Back in January I wrote about the rich Word file integration between online storage company Omnidrive’s service and Zoho’s word processor. Well, to follow up on that, Omnidrive has now successfully integrated Zoho’s spreadsheet application to Omnidrive giving you a feature rich read/write/edit capability for Excel files on the cloud. As I mentioned before, this is really powerful stuff. Excel files that are stored online with Omnidrive can be accessed and edited on Zoho, and then saved back to Omnidrive – all without downloading the file onto a client desktop. How many times have you wanted to quickly check a figure on a spreadsheet, but were afraid to download it onto someone else’s desktop? I know I’ve had this issue from time to time. This is one scenario where this integration eliminates the ‘fear factor’ of leaving behind data on public computers. As these integration points onto online productivity tools continue to grow, the most adaptive online storage services have the best chance of creating a unique foothold in the market – and maybe even outmaneuver the Googleplex.
It was just a few days ago that I wrote about Omnidrive’s integration with Zoho Writer. Now Zoho’s announced that another online storage company, Box.net, has also rolled out a similar integration. By opening up their tools via an application programming interface (API), Zoho’s ecosystem has the potential to grow leaps and bounds in the coming months.
In the last year or so, the concept of storing large volumes of personal data online has begun to take hold among mainstream computer users. Online data storage has become abundant and cheap just as consumers have migrated to high speed data connections. While most people are still not comfortable with managing their files online – In my opinion this has more to do with clunky access to online files than with privacy – services like Mozy and Carbonite have ‘revolutionized’ the concept of data backup. Bill Burnham, however, provides some sobering thoughts about the rush to online data storage.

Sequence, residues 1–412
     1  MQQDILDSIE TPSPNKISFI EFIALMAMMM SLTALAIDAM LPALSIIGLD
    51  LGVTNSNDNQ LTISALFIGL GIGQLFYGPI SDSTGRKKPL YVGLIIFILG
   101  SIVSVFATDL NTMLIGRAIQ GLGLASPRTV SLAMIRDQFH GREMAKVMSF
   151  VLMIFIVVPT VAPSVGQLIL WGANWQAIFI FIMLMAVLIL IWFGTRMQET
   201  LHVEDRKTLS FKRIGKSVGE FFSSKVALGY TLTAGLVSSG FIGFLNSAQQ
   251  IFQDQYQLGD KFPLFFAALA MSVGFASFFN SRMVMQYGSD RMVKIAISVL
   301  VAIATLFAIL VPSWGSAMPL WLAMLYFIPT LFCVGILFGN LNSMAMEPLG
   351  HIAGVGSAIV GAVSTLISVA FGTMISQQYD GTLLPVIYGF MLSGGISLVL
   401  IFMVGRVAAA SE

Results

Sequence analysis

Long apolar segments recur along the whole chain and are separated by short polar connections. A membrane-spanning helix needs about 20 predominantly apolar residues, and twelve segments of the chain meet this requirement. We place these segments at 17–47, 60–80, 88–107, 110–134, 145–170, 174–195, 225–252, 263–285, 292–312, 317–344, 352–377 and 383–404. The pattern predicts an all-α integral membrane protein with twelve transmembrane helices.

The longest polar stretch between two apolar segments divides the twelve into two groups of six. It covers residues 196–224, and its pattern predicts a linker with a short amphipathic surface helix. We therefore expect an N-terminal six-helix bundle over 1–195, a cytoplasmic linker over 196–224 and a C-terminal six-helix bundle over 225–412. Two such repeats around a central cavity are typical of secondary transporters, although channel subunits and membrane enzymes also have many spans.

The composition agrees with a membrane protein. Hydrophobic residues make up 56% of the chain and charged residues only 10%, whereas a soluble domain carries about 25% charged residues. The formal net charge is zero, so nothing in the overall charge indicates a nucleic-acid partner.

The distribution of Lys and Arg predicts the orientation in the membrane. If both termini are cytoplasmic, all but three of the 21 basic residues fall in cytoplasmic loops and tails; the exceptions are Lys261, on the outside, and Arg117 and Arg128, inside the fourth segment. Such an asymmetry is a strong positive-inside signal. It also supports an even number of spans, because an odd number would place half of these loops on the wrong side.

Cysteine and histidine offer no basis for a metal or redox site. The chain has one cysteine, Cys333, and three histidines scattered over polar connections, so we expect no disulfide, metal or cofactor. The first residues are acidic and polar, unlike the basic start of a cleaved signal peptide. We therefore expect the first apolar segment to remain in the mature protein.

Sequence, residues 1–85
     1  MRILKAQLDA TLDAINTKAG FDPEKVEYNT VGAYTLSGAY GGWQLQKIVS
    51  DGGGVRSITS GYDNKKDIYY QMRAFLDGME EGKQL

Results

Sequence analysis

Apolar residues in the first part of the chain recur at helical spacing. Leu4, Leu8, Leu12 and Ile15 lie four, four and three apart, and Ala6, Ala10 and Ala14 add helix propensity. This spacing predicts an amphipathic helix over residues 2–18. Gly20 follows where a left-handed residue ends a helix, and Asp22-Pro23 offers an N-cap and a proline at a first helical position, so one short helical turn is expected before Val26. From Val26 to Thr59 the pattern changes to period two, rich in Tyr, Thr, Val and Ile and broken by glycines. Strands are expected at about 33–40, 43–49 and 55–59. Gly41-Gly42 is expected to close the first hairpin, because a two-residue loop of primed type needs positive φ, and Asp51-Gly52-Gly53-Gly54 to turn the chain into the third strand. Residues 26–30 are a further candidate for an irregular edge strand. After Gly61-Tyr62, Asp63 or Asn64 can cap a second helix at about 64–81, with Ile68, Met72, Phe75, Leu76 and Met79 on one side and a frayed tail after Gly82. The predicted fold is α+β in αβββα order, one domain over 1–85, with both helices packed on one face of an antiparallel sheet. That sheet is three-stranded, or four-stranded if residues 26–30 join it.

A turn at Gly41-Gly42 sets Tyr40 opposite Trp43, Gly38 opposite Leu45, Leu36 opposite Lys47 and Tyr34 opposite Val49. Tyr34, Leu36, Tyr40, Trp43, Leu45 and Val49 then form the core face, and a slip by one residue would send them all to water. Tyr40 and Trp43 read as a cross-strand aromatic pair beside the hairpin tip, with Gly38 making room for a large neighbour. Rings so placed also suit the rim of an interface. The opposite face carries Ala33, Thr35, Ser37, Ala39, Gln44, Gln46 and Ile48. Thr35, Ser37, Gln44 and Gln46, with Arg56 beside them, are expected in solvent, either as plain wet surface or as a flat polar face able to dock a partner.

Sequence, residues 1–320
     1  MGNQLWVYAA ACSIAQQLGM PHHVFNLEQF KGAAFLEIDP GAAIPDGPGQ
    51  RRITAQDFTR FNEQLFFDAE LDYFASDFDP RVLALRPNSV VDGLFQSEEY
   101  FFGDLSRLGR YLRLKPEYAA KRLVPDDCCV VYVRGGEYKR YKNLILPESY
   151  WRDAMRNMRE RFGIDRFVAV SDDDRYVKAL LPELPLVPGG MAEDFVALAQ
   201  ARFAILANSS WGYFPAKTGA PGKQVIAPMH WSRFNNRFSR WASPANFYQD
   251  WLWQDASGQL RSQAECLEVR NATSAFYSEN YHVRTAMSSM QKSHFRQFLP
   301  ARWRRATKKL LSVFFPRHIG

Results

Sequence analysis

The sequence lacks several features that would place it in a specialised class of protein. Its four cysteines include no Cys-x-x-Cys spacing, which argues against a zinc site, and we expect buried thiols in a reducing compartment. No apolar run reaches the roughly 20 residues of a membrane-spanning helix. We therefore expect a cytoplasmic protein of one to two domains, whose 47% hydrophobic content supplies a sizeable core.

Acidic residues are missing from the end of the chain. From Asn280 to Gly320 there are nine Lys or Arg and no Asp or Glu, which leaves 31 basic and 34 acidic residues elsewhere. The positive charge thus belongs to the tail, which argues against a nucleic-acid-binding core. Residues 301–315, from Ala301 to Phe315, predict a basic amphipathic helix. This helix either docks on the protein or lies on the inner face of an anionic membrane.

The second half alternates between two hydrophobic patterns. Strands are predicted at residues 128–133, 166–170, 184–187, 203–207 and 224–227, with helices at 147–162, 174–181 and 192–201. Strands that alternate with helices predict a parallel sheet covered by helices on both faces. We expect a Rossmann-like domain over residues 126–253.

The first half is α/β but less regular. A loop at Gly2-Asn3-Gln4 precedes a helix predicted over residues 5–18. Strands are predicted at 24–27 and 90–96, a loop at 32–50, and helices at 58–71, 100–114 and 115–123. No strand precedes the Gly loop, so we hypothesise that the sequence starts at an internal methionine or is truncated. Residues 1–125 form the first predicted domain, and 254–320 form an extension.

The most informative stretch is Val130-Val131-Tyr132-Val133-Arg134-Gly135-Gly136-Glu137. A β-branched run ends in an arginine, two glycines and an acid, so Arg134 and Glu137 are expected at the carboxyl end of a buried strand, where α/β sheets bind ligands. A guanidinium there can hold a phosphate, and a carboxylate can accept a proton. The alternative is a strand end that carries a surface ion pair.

I think Bill is correct that we haven’t reached the online storage ‘holy grail’ yet. Services like the two I mentioned above are really nice and easy to use, particularly for those who don’t have the patience or foresight to backup on a regular basis. In fact, I use Carbonite to maintain a backup of my primary computer. I also, however, maintain an imaged backup of that same computer on another disk drive that is connected directly to it, and not dependent on internet connection speeds. Maybe I’m paranoid, or just the victim of previous backup disasters, but I like the added security of having the two pronged approach. Anyway, I think the online backup process will continue to improve and still should be used by those who don’t have any other standard approach to maintaining a reliable (albeit slow) backup process.
Carbonite is really easy to setup, and run….set it and forget it. The downside to a service like Carbonite is that it doesn’t offer remote access to the files that it backs up. The backup is done in an inaccessible, (and I’m assuming) proprietary format that can only be accessed to restore files, not to access them for general use.
This second part is where my frustration lies with the current set of online services. I’d like to be able to access my entire file structure in a manner that doesn’t require installing some proprietary software onto the PC that I happen to be using at the time. I’ve heard rumors that Carbonite may be introducing accessibility features in an upcoming release, but right now those are just rumors.
In the long run, as my Office 2.0 migration plans shake out, I plan to build and manage all my critical files directly on the internet through applications like Google Docs, Zoho Spreadsheet, Gliffy, and the like. In the meantime, I will continue to rely on a combination of Carbonite and local backup to keep my precious files safe.